MMP-9-Dependent Serum-Borne Bioactivity Caused by Multi-walled Carbon Nanotube Exposure Induces Vascular Dysfunction Via the CD36 Scavenger Receptor.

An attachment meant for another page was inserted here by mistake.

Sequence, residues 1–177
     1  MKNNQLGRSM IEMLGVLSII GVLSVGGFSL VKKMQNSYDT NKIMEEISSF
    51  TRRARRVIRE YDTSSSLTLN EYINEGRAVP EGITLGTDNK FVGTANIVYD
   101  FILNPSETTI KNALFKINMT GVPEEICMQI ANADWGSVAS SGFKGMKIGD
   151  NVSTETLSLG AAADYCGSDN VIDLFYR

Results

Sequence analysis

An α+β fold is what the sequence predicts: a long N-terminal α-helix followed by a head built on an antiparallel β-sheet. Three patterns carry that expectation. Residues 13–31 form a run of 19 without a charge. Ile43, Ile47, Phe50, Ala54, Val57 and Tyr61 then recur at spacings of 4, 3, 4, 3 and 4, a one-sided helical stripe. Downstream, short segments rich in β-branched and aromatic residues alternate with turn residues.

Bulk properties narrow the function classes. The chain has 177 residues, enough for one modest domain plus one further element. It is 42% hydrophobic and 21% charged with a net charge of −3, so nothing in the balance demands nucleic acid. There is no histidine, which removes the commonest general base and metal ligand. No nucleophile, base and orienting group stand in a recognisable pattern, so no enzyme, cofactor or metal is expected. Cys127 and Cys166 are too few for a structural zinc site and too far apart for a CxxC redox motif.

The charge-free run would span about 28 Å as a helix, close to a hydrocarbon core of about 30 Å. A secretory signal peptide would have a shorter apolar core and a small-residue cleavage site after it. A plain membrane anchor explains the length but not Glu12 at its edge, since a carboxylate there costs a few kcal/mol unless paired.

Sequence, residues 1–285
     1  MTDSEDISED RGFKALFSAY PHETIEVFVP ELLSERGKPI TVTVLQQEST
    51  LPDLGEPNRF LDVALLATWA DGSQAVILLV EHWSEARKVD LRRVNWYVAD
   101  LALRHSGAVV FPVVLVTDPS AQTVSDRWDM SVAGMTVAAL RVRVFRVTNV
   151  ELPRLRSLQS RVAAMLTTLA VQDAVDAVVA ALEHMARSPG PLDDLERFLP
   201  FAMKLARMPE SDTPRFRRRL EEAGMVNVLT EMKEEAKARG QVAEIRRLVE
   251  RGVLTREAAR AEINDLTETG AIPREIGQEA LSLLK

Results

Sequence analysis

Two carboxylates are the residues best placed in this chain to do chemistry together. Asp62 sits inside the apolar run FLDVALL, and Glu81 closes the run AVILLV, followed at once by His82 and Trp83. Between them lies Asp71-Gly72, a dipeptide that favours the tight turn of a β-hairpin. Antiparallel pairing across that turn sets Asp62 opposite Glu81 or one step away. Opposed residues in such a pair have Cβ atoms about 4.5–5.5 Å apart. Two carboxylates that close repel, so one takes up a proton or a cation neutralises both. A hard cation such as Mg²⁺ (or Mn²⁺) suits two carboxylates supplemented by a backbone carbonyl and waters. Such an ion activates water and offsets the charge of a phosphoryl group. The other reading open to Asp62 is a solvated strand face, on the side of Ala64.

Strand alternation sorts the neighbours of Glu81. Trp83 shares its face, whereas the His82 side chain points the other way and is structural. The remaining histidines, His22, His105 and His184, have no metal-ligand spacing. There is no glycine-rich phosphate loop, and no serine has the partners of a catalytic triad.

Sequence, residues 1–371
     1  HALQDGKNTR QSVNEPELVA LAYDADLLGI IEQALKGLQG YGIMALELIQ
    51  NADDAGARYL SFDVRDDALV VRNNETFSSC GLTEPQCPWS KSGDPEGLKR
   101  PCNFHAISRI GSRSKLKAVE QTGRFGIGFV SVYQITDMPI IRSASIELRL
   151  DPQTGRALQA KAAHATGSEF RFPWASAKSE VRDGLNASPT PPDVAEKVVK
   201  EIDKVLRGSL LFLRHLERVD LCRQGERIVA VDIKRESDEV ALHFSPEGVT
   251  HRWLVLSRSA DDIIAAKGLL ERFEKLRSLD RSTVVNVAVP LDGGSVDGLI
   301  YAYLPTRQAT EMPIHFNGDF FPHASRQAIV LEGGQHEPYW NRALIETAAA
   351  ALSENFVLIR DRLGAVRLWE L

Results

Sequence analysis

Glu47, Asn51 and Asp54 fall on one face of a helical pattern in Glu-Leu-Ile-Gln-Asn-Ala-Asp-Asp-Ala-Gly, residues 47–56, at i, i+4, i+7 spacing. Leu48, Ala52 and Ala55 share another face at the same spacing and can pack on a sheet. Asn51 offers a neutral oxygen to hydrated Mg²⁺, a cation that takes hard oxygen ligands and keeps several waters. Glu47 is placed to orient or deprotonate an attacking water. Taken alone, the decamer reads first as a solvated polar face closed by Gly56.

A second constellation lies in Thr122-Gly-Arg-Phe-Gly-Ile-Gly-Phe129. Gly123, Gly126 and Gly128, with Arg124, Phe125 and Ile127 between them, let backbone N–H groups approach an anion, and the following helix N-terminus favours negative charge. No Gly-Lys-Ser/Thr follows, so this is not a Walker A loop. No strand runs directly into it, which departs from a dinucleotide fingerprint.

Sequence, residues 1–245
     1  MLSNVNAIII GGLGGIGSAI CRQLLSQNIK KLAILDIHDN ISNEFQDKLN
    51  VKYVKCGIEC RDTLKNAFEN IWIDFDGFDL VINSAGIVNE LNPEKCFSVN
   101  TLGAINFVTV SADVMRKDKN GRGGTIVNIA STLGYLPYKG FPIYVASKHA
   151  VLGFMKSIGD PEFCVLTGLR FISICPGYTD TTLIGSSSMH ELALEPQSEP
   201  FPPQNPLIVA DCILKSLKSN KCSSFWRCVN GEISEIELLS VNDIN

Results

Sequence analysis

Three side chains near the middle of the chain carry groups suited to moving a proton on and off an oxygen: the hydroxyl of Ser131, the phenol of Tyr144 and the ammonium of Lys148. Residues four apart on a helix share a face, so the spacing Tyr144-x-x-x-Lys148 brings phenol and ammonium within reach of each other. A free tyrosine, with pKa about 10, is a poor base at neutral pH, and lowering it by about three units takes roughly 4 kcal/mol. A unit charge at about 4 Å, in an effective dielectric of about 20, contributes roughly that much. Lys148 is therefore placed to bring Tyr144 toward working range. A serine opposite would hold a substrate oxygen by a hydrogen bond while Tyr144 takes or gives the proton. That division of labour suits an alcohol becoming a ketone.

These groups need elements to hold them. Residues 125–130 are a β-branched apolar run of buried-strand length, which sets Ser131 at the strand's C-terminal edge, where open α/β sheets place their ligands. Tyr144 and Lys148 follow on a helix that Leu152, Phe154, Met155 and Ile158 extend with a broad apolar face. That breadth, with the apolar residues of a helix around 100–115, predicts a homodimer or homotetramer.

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Inhalation of multi-walled carbon nanotubes (MWCNT) causes systemic effects including vascular inflammation, endothelial dysfunction, and acute phase protein expression. MWCNTs translocate only minimally beyond the lungs, thus cardiovascular effects thereof may be caused by generation of secondary biomolecular factors from MWCNT-pulmonary interactions that spill over into the systemic circulation. Therefore, we hypothesized that induced matrix metalloproteinase-9 (MMP-9) is a generator of factors that, in turn, drive vascular effects through ligand-receptor interactions with the multiligand pattern recognition receptor, CD36. To test this, wildtype (WT; C57BL/6) and MMP-9(-/-) mice were exposed to varying doses (10 or 40 µg) of MWCNTs via oropharyngeal aspiration and serum was collected at 4 and 24 h post-exposure. Endothelial cells treated with serum from MWCNT-exposed WT mice exhibited significantly reduced nitric oxide (NO) generation, as measured by electron paramagnetic resonance, an effect that was independent of NO scavenging. Serum from MWCNT-exposed WT mice inhibited acetylcholine-mediated relaxation of aortic rings at both time points. Absence of CD36 on the aortic rings (obtained from CD36-deficient mice) abolished the serum-induced impairment of vasorelaxation. MWCNT exposure induced MMP-9 protein levels in both bronchoalveolar lavage and whole lung lysates. Serum from MMP-9(-/-) mice exposed to MWCNT did not diminish the magnitude of vasorelaxation in naïve WT aortic rings, although a modest right shift of the acetylcholine dose-response curve was observed in both MWCNT dose groups relative to controls. In conclusion, pulmonary exposure to MWCNT leads to elevated MMP-9 levels and MMP-9-dependent generation of circulating bioactive factors that promote endothelial dysfunction and decreased NO bioavailability via interaction with vascular CD36.© The Author 2016. Published by Oxford University Press on behalf of the Society of Toxicology. All rights reserved. For permissions, please email: firstname.lastname@example.org.